Pentecost 14 September 6, 2009

James 2:1-17                                                                       

Mark 7:24-37                                                                      

Once upon a time the gospel this morning would have been heard simply as an account of two miracle healings, the daughter of a Gentile woman and a deaf man. Today we understand that while such stories are indeed about the miraculous power of Jesus as Son of God, they are signs or clues that tell us important things about the in-breaking of God’s kingdom – in Jesus’s time and ours.

The healing of the woman’s daughter represents a radical breaking of taboos. In Jesus’s culture, a woman should never have spoken to a man in public like that. A Jewish man would have been defiled by speaking to a Gentile. The daughter’s “unclean spirit” would be something to be shunned, not healed. The facts of the incident are intended to be shocking in the extreme. And indeed, at first Jesus rebukes this woman. His Good News is for the “children,” that is the Jews, not for the “dogs,” the Gentiles. But the woman persists, “Even the dogs under the table eat the children’s crumbs,” and her argument prevails. The kingdom of God is for everyone.

The deaf man is also a Gentile – the geographic references underline that fact. His impediment – he can neither hear nor speak clearly – has symbolic significance. Jesus heals him by first spitting on his fingers and then touching the man’s ears and tongue. Spittle was regarded as a pollutant, like excrement. So here again the boundaries and rules are all being crossed and reversed in ways that would have been outrageous to people of the time.

So what about us? The honor and shame culture of Jesus’s day, with all its boundaries and taboos, seems strange and alien. We may learn of such things in the news, in far away places like the tribal areas of Afghanistan and Pakistan, but we think ourselves enlightened, free of these irrationalities. And yet, it’s precisely because we are bound by similar codes that we find it difficult to recognize them.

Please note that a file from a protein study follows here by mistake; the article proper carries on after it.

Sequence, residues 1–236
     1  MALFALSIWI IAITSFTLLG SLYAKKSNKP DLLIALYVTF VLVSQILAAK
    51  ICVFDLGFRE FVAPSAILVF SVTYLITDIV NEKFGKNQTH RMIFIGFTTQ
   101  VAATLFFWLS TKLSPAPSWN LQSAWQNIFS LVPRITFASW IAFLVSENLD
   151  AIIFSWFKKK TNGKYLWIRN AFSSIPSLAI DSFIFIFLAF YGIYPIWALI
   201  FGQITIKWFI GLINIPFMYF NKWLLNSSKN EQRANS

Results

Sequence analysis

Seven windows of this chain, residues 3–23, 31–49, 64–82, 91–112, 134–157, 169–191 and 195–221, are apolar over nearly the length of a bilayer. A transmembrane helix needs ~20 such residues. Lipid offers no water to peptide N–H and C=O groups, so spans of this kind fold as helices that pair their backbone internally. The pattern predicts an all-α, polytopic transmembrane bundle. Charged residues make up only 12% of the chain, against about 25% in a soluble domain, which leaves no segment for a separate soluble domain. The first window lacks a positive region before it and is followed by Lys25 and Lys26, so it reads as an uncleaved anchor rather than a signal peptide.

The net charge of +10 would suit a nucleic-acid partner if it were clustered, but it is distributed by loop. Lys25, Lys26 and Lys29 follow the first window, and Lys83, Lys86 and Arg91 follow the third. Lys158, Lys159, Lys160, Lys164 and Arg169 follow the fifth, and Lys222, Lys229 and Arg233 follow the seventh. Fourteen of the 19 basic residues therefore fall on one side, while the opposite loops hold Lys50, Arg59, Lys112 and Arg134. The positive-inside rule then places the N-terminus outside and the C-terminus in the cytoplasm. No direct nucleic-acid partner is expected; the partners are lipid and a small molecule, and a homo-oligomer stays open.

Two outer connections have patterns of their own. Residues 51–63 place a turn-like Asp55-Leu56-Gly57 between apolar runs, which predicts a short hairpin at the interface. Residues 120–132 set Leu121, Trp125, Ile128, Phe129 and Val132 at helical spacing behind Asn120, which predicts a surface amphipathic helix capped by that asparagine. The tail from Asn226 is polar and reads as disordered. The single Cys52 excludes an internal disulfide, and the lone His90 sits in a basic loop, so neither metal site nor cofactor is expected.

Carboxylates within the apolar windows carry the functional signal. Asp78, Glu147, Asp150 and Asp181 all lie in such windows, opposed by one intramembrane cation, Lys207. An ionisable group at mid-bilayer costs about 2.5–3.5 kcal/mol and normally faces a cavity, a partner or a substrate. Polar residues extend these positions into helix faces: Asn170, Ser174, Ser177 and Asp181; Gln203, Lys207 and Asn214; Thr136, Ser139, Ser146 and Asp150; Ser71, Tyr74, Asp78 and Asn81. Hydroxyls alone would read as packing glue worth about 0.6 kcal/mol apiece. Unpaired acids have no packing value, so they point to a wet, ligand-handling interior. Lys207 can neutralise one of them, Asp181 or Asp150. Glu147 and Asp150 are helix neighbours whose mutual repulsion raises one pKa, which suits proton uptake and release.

Gender and race, ethnicity and age still play a role, even in our supposedly egalitarian society. But most of our boundary and status markers have to do with money and possessions – the size and elegance of our houses, for instance, our cars, our clothes. They have to do with our jobs, our education. Did we go to college? Where? Do we work in an air conditioned office, with people under us? Where do we go on vacation – if we go?

Several winters ago, Anne and I went to Mexico for a couple of weeks. One of the towns we visited was San Miguel de Allende, something of a retirement and vacation destination for Americans “in the know.” An old friend is the rector of the Episcopal church there. Attending the Eucharist on Sunday, we spotted in the pew behind us a couple we had met once who were connected with St. Paul’s School in Concord. Introducing ourselves, reminding them that I was the vicar of Holy Cross, Weare, the man looked at me curiously and said, “My goodness, how did you know about San Miguel de Allende?” To which I am glad to say I replied, “Oh, doesn’t everyone?”